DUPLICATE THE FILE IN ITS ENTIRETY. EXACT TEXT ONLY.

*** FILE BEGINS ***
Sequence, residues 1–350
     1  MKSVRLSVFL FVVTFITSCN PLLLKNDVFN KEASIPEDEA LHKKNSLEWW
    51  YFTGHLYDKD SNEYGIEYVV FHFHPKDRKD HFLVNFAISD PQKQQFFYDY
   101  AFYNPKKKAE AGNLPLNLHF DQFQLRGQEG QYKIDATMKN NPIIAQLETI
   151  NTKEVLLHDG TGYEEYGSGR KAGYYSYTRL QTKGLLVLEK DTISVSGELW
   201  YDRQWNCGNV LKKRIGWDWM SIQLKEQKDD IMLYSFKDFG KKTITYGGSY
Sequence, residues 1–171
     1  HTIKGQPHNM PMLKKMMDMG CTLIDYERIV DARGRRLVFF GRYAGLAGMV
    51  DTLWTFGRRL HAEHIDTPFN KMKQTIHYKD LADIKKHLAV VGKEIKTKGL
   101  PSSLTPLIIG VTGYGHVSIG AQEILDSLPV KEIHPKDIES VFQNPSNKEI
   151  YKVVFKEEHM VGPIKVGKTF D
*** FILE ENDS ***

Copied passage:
Sequence, residues 1–350
     1  MKSVRLSVFL FVVTFITSCN PLLLKNDVFN KEASIPEDEA LHKKNSLEWW
    51  YFTGHLYDKD SNEYGIEYVV FHFHPKDRKD HFLVNFAISD PQKQQFFYDY
   101  AFYNPKKKAE AGNLPLNLHF DQFQLRGQEG QYKIDATMKN NPIIAQLETI
   151  NTKEVLLHDG TGYEEYGSGR KAGYYSYTRL QTKGLLVLEK DTISVSGELW
   201  YDRQWNCGNV LKKRIGWDWM SIQLKEQKDD IMLYSFKDFG KKTITYGGSY
Sequence, residues 1–171
     1  HTIKGQPHNM PMLKKMMDMG CTLIDYERIV DARGRRLVFF GRYAGLAGMV
    51  DTLWTFGRRL HAEHIDTPFN KMKQTIHYKD LADIKKHLAV VGKEIKTKGL
   101  PSSLTPLIIG VTGYGHVSIG AQEILDSLPV KEIHPKDIES VFQNPSNKEI
   151  YKVVFKEEHM VGPIKVGKTF D